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Supertramp - Crime Of The Century CD (album) cover




Crossover Prog

4.31 | 1506 ratings

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Prog Reviewer
4 stars Despite a healthy respect for 'Bloody Well Right' and 'Dreamer' as a teenager, 'Crime of the Century' appeared very seldom on my record player in the 1970s. I was into fiery prog rock, and SUPERTRAMP's more gentle brand of art-rock, which seemed a thousand miles removed from prog, didn't hold my attention. Back then the music I listened to had to be full of drama, and I hated slick pop with a passion - exemplified, I thought, by the smooth saxophone that, along with the harmonica and piano, made up their trademark sound. To me they sounded like a poor man's PINK FLOYD, without the bite, perhaps a slightly more sophisticated 10CC. Or like an underdone ELTON JOHN, who, I thought at the time, was far more progressive than this lot. Faint praise.

My thoughts haven't really changed much. I respect this album. I acknowledge the satisfying concept, and applaud the way they weave it through the music without battering the listener over the head with it. It's certainly a quantum leap ahead of the mediocre 'Indelibly Stamped'. I appreciate the dual vocalist approach - in my view, two singer/songwriters are far better than one. But, cold fish that I am, it simply doesn't move me.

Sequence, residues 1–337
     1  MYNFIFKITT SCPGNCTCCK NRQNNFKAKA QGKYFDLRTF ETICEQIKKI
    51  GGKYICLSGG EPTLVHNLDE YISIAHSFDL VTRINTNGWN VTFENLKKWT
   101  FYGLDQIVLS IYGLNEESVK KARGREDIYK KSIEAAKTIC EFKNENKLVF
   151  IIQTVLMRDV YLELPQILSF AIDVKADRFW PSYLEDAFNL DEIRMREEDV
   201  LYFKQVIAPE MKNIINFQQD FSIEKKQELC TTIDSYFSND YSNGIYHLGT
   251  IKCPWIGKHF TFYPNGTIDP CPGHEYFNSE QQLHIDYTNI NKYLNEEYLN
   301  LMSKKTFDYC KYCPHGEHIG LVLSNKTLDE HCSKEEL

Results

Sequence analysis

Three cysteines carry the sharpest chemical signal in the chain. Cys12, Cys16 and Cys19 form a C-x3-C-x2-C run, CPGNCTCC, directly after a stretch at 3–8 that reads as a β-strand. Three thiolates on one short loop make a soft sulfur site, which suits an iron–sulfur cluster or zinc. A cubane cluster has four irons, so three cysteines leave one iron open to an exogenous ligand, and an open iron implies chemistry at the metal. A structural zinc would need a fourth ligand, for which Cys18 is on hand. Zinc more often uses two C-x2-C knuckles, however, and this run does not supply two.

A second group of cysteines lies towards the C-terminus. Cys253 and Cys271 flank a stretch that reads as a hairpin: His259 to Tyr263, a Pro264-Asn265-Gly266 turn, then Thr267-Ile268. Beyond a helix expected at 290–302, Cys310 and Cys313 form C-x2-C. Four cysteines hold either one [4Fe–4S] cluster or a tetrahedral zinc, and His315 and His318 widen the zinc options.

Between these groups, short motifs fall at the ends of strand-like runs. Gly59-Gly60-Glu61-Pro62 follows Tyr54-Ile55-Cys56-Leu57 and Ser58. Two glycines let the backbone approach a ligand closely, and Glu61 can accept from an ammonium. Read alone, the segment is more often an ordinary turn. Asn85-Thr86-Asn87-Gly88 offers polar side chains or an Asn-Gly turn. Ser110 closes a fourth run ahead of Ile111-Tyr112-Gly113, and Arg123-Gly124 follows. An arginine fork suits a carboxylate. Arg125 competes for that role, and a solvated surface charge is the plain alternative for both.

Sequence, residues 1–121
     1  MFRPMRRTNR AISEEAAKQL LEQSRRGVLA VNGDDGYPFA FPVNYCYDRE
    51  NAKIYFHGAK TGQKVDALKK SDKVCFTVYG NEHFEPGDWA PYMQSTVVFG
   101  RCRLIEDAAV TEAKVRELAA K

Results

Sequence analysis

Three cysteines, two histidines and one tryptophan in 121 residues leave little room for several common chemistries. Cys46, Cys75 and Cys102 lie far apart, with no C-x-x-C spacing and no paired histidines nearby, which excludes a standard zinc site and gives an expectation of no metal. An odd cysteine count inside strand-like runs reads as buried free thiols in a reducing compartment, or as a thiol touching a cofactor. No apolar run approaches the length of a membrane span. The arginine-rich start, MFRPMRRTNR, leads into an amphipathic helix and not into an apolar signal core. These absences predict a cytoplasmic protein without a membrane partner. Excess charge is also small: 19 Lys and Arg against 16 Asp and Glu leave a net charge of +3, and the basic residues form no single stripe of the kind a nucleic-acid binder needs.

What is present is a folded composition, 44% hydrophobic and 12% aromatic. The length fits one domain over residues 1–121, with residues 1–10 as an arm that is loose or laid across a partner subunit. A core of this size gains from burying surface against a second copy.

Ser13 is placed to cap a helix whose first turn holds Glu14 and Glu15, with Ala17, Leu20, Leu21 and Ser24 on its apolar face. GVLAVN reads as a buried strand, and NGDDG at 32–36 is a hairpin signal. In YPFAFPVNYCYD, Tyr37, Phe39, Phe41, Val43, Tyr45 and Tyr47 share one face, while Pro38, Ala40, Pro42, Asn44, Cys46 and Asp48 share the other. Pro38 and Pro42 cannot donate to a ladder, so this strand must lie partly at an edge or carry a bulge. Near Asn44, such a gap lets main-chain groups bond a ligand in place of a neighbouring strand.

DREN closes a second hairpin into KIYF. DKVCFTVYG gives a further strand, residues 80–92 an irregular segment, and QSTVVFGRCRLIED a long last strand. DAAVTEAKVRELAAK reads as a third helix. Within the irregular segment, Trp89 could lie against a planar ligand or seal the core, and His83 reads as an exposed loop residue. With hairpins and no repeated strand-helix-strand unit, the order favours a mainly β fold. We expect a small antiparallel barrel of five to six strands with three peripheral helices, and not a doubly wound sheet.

Perhaps this is illustrated by the fact that, despite owning this album since 1975, my favourite song remains 'Dreamer'. Not, I can assure you, because the other songs are beyond my grasp, but because there's a glorious kind of purity to the track, an ethereal quality apt to the lyrics, a great call and response section with a wonderfully stirring segue back to the main theme. They don't do pop like this nowadays, and I wish they did. I understand that proggers aren't supposed to like pop tracks, but dash it all, it's a thing of beauty. If I spy a shining diamond in a sea of gold, my eye is drawn to it. Other tracks, such as 'Hide in Your Shell' and 'If Everyone Was Listening' seem to be there just to make up the numbers. My frustration with this record was that the great ideas were underdeveloped. 'Bloody Well Right' was a fabulous intro crying out for a song. I imagined what a monster PINK FLOYD would have made of this album by deleting three or four of the tracks and expanding the rest. Sigh.

As I decline from my pomp and enter my dotage, I begin to appreciate tracks like 'School', 'Rudy' and 'Crime of the Century', particularly the latter, with its clattering piano, immense percussion and staggering finale, though nothing will convince me that 'Asylum' is anything but schmaltz. Even so, I find the album falls well short of masterpiece status, though it does have a few impressive moments. Perhaps one day it will all 'click' for me, though after thirty-odd years I somehow doubt it.

Pity me, friends.

russellk | 4/5 |


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